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searching for Extraordinary Lord of Session 8 found (52 total)

alternate case: extraordinary Lord of Session

Melville family (369 words) [view diff] exact match in snippet view article find links to article

former Vice-Chancellor and Treasurer Depute of Scotland and an Extraordinary Lord of Session acquired the Palace of Monimail - formerly an official residence
John Wishart of Pitarrow (1,497 words) [view diff] case mismatch in snippet view article find links to article
in the general assembly. On 19 November he was appointed an extraordinary lord of session, and in October 1568 accompanied the regent Moray to York to
John Wood (Scottish courtier) (1,536 words) [view diff] exact match in snippet view article
of Scots. For three years, Wood became a magistrate, as an Extraordinary Lord of Session, as Lord Tullidavie, from 9 December 1562. Knox wrote that Mary
Hugh Campbell, 3rd Earl of Loudoun (845 words) [view diff] exact match in snippet view article find links to article
Scotland. From February 1699 until his death, he was also an Extraordinary Lord of Session, having been appointed at an unusually early age. In recommending
John Maxwell (bishop) (1,400 words) [view diff] case mismatch in snippet view article
chaplaincies. He was also made a privy councillor, and in 1636 an extraordinary lord of session. It is conjectured that Maxwell took part in the compilation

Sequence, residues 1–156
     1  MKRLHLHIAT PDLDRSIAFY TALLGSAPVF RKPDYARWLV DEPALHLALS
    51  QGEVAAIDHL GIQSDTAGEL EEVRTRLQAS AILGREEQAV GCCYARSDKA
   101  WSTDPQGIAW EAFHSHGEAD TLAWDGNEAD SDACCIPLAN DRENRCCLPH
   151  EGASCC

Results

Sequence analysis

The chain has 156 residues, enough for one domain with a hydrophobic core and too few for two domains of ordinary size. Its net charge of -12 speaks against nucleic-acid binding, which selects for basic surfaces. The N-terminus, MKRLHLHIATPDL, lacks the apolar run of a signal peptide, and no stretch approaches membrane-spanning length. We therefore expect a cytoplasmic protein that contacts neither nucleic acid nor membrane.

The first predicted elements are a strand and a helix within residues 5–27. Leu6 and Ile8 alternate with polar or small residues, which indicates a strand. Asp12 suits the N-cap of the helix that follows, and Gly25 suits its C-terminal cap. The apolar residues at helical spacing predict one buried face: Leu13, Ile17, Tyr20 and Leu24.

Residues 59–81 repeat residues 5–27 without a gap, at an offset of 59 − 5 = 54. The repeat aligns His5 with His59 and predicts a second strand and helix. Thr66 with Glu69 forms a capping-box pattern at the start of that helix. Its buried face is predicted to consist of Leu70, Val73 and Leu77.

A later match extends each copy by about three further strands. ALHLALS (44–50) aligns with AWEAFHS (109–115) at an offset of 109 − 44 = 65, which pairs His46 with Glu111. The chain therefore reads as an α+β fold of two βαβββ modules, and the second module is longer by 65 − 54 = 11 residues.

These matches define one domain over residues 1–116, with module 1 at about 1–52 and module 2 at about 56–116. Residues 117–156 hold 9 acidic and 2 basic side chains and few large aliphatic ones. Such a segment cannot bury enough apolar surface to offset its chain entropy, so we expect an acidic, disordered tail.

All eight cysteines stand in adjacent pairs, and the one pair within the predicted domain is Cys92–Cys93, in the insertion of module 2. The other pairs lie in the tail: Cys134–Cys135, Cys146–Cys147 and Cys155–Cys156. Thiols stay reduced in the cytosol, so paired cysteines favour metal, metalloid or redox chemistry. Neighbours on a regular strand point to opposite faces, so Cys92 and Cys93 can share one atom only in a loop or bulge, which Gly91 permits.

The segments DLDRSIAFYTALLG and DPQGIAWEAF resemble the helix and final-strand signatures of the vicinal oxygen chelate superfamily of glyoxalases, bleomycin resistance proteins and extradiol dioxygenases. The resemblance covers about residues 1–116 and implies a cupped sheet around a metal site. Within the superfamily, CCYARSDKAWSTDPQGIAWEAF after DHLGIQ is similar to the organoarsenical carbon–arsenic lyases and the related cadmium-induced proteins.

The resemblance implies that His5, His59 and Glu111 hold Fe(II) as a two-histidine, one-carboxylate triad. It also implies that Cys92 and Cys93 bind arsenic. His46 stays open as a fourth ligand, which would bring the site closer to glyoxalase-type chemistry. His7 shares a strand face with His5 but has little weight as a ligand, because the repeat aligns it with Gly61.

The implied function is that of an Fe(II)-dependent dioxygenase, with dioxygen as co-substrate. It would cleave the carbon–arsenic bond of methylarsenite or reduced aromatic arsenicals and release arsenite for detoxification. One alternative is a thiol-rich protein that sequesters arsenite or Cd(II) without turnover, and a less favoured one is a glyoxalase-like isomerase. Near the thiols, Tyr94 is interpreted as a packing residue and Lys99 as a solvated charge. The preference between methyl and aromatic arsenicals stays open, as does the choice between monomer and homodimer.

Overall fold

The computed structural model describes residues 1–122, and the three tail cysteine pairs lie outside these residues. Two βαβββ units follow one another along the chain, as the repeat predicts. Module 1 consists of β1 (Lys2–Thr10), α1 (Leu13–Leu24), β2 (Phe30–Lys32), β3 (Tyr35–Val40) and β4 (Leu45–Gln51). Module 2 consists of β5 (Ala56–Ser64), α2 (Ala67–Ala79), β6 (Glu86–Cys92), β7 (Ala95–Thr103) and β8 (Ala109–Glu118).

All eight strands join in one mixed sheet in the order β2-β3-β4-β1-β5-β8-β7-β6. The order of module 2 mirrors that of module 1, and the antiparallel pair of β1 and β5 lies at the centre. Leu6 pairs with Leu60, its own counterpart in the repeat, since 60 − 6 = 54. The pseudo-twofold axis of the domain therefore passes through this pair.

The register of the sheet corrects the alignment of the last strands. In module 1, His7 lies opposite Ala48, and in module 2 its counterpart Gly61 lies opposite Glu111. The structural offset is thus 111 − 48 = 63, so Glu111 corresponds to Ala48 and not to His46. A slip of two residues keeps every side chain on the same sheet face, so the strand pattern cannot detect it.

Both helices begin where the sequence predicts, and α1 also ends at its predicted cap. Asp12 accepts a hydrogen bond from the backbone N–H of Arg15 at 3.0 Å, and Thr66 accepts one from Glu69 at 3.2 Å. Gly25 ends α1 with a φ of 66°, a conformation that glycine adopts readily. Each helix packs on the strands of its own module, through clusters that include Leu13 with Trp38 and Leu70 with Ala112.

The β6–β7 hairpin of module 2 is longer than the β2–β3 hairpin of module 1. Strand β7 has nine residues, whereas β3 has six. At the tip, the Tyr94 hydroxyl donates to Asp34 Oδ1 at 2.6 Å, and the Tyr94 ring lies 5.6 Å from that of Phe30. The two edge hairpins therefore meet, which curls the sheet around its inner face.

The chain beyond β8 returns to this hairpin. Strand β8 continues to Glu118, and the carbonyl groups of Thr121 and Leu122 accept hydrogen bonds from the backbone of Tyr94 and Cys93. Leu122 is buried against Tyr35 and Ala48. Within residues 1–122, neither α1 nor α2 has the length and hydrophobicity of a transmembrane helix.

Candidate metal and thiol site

John Stewart, 1st Earl of Traquair (651 words) [view diff] exact match in snippet view article find links to article
Denmark. He was appointed Treasurer-depute of Scotland and an Extraordinary Lord of Session in 1630. In 1633 Charles I was crowned in Edinburgh, and Traquair
Robert Boyd, 5th Lord Boyd (4,962 words) [view diff] exact match in snippet view article find links to article
during the Civil War; Provost of Glasgow 1574 to 1577, and an Extraordinary Lord of Session 24 October 1573. On 2 January 1574 Boyd obtained from Morton
Archibald Douglas, 1st Earl of Ormond (1,209 words) [view diff] case mismatch in snippet view article find links to article
third and fourth dukes of Hamilton. Angus was appointed an extraordinary lord of session 9 February 1631, and not long afterwards signed the covenant